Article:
Don't miss the piglix.com special BONUS offer during our Beta-test period. The next 100 new Registered Users (from a unique IP address), to post at least five (5) piglix, will receive 1,000 extra sign-up points (eventually exchangeable for crypto-currency)!

* * * * *    Free piglix.com Launch Promotions    * * * * *

  • Free Ads! if you are a small business with annual revenues of less than $1M - piglix.com will place your ads free of charge for up to one year! ... read more

  • $2,000 in free prizes! piglix.com is giving away ten (10) Meccano Erector sets, retail at $200 each, that build a motorized Ferris Wheel (or one of 22 other models) ... see details

Mace of the United States House of Representatives


The Mace of the United States House of Representatives is one of the oldest symbols of the United States government.

In one of its first resolutions, the U.S. House of Representatives of the 1st Federal Congress (April 14, 1789) established the Office of the Sergeant at Arms. The first Speaker of the House, Frederick Muhlenberg of Pennsylvania, approved the ceremonial mace as the proper symbol of the Sergeant at Arms in carrying out the duties of this office.

The current mace has been in use since December 1, 1842. It was created by New York silversmith William Adams, at a cost of $400, to replace the first one that was destroyed when the Capitol Building was burned on August 24, 1814, during the War of 1812. A simple wooden mace was used in the interim.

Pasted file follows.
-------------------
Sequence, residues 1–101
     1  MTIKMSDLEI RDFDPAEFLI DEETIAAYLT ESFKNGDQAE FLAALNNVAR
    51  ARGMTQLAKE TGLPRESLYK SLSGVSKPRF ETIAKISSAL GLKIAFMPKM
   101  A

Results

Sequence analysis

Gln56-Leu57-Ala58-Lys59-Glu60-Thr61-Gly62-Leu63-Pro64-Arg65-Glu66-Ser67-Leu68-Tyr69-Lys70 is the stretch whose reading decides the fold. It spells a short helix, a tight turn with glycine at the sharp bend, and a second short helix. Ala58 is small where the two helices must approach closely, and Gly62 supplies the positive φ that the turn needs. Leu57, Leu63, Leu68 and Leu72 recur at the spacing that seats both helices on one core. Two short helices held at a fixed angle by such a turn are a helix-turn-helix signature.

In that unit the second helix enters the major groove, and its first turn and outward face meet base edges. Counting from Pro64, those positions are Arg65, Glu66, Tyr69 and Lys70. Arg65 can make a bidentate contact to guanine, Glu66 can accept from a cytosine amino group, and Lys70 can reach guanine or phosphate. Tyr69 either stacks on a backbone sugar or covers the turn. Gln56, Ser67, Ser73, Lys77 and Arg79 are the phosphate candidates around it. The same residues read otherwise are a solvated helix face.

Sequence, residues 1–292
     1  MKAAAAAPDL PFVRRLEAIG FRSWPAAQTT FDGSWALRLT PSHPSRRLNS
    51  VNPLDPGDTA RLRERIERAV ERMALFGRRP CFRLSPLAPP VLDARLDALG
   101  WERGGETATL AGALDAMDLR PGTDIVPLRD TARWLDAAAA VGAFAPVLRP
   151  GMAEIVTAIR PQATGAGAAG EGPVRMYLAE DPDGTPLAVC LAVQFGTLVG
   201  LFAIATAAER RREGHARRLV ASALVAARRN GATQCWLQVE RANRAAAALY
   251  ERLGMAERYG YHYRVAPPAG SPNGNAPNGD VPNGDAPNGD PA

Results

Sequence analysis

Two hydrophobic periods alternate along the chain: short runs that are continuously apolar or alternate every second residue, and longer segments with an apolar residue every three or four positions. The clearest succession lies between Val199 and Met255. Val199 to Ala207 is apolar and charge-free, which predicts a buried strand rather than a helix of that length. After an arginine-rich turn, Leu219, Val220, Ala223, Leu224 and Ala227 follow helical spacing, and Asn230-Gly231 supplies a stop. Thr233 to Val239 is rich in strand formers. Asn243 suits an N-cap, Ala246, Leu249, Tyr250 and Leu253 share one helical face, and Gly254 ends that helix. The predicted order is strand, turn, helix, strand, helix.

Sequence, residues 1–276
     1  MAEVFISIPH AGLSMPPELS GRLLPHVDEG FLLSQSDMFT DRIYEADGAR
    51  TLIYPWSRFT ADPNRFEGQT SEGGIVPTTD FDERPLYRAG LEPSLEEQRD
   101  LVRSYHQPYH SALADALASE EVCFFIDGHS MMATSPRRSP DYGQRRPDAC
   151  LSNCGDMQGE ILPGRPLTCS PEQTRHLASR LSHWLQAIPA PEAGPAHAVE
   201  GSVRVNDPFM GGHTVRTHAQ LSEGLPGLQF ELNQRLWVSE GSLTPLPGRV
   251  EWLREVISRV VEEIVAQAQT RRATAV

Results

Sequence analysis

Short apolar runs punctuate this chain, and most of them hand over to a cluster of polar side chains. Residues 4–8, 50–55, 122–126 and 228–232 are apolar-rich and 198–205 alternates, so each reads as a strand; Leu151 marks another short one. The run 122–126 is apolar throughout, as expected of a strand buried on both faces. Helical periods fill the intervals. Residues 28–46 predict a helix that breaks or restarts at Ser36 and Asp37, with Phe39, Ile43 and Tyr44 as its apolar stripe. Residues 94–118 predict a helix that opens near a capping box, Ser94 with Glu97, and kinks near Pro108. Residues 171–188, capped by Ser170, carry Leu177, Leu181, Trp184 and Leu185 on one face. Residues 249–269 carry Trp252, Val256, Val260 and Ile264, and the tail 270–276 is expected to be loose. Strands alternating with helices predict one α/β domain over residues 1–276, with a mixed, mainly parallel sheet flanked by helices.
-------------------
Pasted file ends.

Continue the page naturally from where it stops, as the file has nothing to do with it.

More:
The design of the mace is derived from an ancient battle weapon and the Roman fasces. The ceremonial mace is 46 inches high and consists of 13 ebony rods – representing the original 13 states of the Union – bound together by silver strands criss-crossed over the length of the pole. Atop this shaft is a silver globe on which sits an intricately cast solid silver eagle.

For daily sessions of the House, the Sergeant carries the silver and ebony mace of the House in front of the speaker, in procession to the rostrum. When the House is in session, the mace stands on a cylindrical pedestal of green marble to the Speaker's right. When the House is in committee, it is moved to a pedestal next to the Sergeant at Arms' desk. Thus, members entering the chamber know immediately whether the House is in session or in committee. When the body resolves itself into Committee of the whole House on the State of the Union, the Sergeant moves the mace to a lowered position, more or less out of sight.



...
Wikipedia

1,000 EXTRA POINTS!

Don't forget! that as one of our early users, you are eligible to receive the 1,000 point bonus as soon as you have created five (5) acceptable piglix.

...